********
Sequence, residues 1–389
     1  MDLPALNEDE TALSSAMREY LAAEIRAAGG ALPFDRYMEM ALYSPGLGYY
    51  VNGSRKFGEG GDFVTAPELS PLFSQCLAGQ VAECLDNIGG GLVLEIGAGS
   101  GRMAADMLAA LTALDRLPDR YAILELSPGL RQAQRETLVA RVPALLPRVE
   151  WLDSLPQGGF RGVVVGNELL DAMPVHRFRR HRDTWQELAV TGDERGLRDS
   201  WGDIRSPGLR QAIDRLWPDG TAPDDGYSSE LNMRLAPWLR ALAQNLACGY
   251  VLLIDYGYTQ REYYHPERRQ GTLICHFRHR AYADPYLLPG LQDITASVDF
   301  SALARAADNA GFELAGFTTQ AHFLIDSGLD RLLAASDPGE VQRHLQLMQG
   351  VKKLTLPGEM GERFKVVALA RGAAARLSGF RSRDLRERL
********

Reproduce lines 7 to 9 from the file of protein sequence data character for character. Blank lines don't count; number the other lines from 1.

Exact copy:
   251  VLLIDYGYTQ REYYHPERRQ GTLICHFRHR AYADPYLLPG LQDITASVDF
   301  SALARAADNA GFELAGFTTQ AHFLIDSGLD RLLAASDPGE VQRHLQLMQG
   351  VKKLTLPGEM GERFKVVALA RGAAARLSGF RSRDLRERL